Salvazione School by Local Studio

WORDS Garreth van Niekerk IMAGES Dave Southwood

Architecture firm Local Studio’s pioneering approach to redeveloping downtown Joburg has come to the historic suburb of Mayfair, with a striking school designed for a close-knit community.

The historic suburb of Mayfair, west of the Johannesburg CBD, has recently become home to a beautifully designed educational sanctuary for the children of Slovo Park, the suburb’s embattled informal settlement.

The area is known for high levels of crime and poor basic services, so the Salvazione School – designed by pioneering inner-city architects Local Studio – is a ray of light for the community, and a visual burst of much-needed colour and fun.

The yellow slide is the building’s most attention-grabbing feature.

The project is not terribly concerned with a strategy of connecting new architecture to the rest of the suburb’s heritage-grade buildings. Rather, Salvazione School’s double-storey structure, double-vaulted zinc roofs and colourful, Mondrian-esque façade demand Mayfair’s attention. This way of working is part of Local Studio’s approach to creating architectural solutions in neglected areas: the strategy is to make a bold statement that “announces” to a place that change is on the horizon.

“The school had to be noticed to be taken seriously,” says Local Studio founder Thomas Chapman. “We set out to create something striking to support the programme, and to make it known that there is something going on here, among these typically unkind environments. We believe the projects should stand out in these sorts of areas. Essentially, the building is four main classrooms and ablutions, so it really could’ve been something quite boring. But we wanted the area to know that something good was coming.”

The building’s striking features are quickly outdone by its most attention-grabbing element: a sunshine-yellow slide that emerges from its upper level, on which you can slide straight down into the schoolyard. And the focus on play continues on the rear façade, which has been turned into a climbing wall for break-time fun. “We wanted to create a magical place for kids, for whom this could become an escape,” says Thomas.

The project came about through the philanthropic outreach of the Italtile and Ceramic Foundation, which, Thomas says, has been working across the country to uplift communities. “We do a lot of work for CTM and Italtile – big building-supplies companies that have an amazing foundation that donates millions a year to recreational and educational projects in rural areas.”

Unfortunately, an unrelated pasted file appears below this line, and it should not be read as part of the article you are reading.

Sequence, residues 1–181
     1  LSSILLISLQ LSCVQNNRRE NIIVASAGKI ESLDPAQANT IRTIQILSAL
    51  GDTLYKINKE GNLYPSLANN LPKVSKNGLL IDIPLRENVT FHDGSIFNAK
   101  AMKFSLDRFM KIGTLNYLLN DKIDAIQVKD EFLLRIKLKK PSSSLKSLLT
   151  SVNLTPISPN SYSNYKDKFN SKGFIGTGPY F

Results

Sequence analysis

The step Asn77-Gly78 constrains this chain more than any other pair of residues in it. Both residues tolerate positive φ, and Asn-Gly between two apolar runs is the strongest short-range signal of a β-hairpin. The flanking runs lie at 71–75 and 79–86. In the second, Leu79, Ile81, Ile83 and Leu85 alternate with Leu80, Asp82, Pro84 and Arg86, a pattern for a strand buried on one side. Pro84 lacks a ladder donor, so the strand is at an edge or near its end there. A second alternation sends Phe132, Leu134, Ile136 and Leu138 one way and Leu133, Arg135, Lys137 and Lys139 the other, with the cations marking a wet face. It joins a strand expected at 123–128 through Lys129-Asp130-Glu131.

Rural projects are quickly becoming part of Local Studio’s language too. Despite being celebrated around the globe for their remarkable interventions in the fabric of downtown Joburg – such as the game-changing Hillbrow Counselling Centre – the firm is extending the philosophies applied in their urban developments to the rest of the country. Today, more than a third of Local Studio’s work is rolling out in rural environments – and it’s also become the focus of Thomas’s academic work.

“We had been hired to look at these projects because of our urban experience,” Thomas says. “Now we are focusing on the craft of architecture again, with clients who are giving us free rein, so we are beginning to apply principles that we would use in low-cost housing, to more high-budget projects. The work has been informing my PhD, in which I’m exploring new ways of defining public spaces by looking at models from rural areas.”

As can be seen in Mayfair’s Salvazione School, this is the start of a new era for the Local Studio group, as well as for the communities they work with, as they aim to forge humane local architecture that puts people first.

To see more of Local Studio’s work, visit